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Violent disturbances in Canley may be drug-related

A violent outbreak in Canley on Thursday 12 November saw an armed assault, car joust and collision. Events resulted in a man being taken to hospital.

This most recent incident is a culmination of a series of neighbourhood complaints, including houses being egged, water-balloons, stones thrown at cars and persistent catcalling.

“This is on top of regular harassment by residents of the estate,” said a local occupant. “Residents can tell you’re a student too, so it makes us an obvious target for such harassment.”

Allegations claim Thursday’s violent outbreak involved a substantial monetary debt between the victim and an affiliate of the aggressor, possibly involving local drug trafficking.

According to reports, a man’s scream was followed by the revving of cars. A man with a machete and a dog then proceeded to get of his car and attempt to assault someone.

The cars began to repeatedly and violently ram into each other, this resulting in a collision with a vehicle in the area.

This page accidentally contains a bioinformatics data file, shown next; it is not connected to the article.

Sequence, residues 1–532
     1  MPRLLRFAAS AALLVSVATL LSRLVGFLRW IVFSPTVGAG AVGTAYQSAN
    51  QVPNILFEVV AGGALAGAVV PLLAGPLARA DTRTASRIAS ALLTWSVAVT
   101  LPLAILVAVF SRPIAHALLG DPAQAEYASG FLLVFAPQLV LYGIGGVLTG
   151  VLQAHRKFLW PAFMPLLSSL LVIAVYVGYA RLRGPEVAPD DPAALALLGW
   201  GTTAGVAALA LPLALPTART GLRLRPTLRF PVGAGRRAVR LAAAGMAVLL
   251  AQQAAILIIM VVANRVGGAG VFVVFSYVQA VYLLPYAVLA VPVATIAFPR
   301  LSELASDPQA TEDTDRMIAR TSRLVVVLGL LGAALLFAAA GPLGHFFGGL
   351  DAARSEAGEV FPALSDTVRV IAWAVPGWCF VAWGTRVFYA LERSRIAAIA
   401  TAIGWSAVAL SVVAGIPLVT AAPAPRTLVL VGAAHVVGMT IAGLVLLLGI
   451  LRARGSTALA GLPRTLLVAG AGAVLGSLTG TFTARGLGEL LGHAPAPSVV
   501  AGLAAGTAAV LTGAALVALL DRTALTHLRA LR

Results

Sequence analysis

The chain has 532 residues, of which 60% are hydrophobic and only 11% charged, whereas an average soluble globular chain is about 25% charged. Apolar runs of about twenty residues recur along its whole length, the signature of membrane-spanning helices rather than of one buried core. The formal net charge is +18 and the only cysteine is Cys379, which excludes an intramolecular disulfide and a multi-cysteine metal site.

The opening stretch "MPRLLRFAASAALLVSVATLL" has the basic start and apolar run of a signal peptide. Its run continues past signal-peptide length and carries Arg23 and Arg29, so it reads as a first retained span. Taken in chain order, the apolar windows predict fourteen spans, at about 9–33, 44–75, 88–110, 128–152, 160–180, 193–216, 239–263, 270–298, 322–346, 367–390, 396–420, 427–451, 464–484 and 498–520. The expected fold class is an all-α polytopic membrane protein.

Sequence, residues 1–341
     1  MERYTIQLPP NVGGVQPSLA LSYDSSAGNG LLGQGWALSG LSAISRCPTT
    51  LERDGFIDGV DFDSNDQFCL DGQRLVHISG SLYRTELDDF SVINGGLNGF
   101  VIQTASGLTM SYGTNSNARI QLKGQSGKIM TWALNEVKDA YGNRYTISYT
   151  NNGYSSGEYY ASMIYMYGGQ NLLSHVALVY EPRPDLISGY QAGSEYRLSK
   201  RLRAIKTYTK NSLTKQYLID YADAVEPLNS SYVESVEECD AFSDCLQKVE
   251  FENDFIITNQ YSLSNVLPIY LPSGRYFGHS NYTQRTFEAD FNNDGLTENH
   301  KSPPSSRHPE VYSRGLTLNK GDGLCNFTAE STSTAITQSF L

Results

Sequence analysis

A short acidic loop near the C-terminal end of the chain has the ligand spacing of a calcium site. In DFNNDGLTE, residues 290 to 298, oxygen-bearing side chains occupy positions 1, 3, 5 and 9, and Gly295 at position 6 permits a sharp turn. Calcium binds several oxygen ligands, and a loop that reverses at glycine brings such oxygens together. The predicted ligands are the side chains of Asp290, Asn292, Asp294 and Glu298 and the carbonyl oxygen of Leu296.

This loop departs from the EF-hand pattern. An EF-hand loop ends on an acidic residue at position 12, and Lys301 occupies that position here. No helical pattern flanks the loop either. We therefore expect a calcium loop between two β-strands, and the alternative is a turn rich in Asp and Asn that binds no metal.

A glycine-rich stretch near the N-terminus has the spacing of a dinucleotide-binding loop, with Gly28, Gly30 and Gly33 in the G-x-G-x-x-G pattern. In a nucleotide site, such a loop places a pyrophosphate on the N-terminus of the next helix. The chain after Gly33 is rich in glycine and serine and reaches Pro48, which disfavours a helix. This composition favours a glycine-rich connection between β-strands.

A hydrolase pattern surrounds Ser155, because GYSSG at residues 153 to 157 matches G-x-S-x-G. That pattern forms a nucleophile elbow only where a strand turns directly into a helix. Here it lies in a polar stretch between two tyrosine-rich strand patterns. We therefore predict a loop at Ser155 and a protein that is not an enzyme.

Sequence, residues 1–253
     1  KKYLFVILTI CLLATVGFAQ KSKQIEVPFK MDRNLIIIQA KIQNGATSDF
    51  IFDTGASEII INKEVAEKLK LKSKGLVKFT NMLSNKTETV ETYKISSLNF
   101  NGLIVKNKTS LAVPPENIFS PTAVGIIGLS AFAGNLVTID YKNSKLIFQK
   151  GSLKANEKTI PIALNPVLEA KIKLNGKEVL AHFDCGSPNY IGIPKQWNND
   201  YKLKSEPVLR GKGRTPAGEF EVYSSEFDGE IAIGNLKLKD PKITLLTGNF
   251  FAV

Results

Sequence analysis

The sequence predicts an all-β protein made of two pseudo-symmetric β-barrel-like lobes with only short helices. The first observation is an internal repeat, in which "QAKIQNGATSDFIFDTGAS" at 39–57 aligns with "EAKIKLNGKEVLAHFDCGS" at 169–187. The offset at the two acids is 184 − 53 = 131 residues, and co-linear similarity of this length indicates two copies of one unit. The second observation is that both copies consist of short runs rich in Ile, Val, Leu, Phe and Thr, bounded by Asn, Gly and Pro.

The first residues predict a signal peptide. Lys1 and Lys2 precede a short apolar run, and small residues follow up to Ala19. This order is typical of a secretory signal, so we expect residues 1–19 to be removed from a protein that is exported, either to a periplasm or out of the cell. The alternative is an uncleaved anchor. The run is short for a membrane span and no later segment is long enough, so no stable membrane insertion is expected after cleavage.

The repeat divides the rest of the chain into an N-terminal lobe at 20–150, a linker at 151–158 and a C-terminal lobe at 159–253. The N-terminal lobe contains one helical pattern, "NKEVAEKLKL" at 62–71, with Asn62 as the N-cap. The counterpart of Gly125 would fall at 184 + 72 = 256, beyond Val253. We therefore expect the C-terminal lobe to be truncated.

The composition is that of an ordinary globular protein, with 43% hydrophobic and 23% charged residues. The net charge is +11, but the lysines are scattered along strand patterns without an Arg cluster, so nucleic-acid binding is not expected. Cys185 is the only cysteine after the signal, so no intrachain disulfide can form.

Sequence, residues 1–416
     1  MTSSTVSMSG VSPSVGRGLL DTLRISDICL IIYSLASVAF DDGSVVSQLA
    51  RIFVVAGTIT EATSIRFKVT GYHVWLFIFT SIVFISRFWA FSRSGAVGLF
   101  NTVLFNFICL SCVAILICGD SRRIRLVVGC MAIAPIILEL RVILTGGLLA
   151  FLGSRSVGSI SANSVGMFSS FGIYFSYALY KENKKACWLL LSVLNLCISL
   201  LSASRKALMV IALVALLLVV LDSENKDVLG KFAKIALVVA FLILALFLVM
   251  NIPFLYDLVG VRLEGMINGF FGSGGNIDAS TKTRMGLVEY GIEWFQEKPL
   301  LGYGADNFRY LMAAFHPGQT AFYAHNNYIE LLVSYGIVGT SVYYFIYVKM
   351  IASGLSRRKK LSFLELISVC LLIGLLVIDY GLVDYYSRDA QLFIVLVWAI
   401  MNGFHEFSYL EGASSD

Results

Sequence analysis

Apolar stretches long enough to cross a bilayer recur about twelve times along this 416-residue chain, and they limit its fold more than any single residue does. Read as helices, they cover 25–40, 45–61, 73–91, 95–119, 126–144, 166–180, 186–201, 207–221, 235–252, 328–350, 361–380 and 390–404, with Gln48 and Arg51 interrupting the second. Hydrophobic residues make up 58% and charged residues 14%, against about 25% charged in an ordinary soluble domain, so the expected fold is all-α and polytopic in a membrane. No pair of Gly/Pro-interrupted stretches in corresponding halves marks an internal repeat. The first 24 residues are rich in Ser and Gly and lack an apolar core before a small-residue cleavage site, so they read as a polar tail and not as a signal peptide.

The neighbourhood police received a call at 9.42pm and arrived at the intersection of Gerard Avenue and Queen Margaret’s Road soon after.

However, officers who arrived on site failed to verify the safety of local residents and were uninformed about the involvement of the machete, despite this having been mentioned in initial calls to the department.

Local law enforcement told the Boar a 17-year-old teenager had received minor head injuries, but other reports claim a man had also been hospitalised. The police stated that enquiries are on-going.

“Local officers have increased patrols in the area over the last week to offer reassurance to residents,” said Sergeant Nathan Witts, from the Whoberley and Woodlands neighbourhood team. “Anyone concerned about what happened can either stop and chat to one of my officers on patrol or contact me by calling 101.”

The West Midlands Police recently announced a £130 million budget cut to take place over the next 5 years. This will cost the neighbourhood 80% of its police community support officers (PCSOs) and an estimated 2,500 jobs, leaving the force smaller than at its inception in 1974.

Police and Crime Commissioner David Jamieson told the Coventry Telegraph “As over four-fifths of our costs are wages, there is only so much we can do without making difficult choices.”

“I will do all I can to ensure neighbourhood policing continues to be at the forefront of everything that West Midlands Police does, but in future it will have to be delivered with fewer staff and in a more focused way.”

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